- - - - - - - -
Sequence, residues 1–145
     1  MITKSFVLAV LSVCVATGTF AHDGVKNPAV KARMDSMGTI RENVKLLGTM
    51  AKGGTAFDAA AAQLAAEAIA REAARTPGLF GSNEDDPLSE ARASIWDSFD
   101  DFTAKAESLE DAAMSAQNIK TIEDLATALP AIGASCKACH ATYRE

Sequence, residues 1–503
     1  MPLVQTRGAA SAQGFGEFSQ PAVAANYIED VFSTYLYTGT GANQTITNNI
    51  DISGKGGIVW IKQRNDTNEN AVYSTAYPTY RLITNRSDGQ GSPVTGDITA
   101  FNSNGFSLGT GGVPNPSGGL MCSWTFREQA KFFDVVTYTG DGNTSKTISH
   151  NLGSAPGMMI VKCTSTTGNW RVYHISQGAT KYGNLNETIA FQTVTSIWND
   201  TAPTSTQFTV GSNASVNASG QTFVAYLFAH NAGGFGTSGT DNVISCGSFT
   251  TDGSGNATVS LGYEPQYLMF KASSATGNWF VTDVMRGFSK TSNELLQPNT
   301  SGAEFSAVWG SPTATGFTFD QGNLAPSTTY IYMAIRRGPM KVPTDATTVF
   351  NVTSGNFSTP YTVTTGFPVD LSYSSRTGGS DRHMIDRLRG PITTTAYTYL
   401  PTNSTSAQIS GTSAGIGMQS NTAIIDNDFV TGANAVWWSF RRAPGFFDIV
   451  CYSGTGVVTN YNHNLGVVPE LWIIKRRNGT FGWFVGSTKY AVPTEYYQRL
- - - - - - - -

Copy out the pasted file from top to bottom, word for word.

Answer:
Sequence, residues 1–145
     1  MITKSFVLAV LSVCVATGTF AHDGVKNPAV KARMDSMGTI RENVKLLGTM
    51  AKGGTAFDAA AAQLAAEAIA REAARTPGLF GSNEDDPLSE ARASIWDSFD
   101  DFTAKAESLE DAAMSAQNIK TIEDLATALP AIGASCKACH ATYRE

Sequence, residues 1–503
     1  MPLVQTRGAA SAQGFGEFSQ PAVAANYIED VFSTYLYTGT GANQTITNNI
    51  DISGKGGIVW IKQRNDTNEN AVYSTAYPTY RLITNRSDGQ GSPVTGDITA
   101  FNSNGFSLGT GGVPNPSGGL MCSWTFREQA KFFDVVTYTG DGNTSKTISH
   151  NLGSAPGMMI VKCTSTTGNW RVYHISQGAT KYGNLNETIA FQTVTSIWND
   201  TAPTSTQFTV GSNASVNASG QTFVAYLFAH NAGGFGTSGT DNVISCGSFT
   251  TDGSGNATVS LGYEPQYLMF KASSATGNWF VTDVMRGFSK TSNELLQPNT
   301  SGAEFSAVWG SPTATGFTFD QGNLAPSTTY IYMAIRRGPM KVPTDATTVF
   351  NVTSGNFSTP YTVTTGFPVD LSYSSRTGGS DRHMIDRLRG PITTTAYTYL
   401  PTNSTSAQIS GTSAGIGMQS NTAIIDNDFV TGANAVWWSF RRAPGFFDIV
   451  CYSGTGVVTN YNHNLGVVPE LWIIKRRNGT FGWFVGSTKY AVPTEYYQRL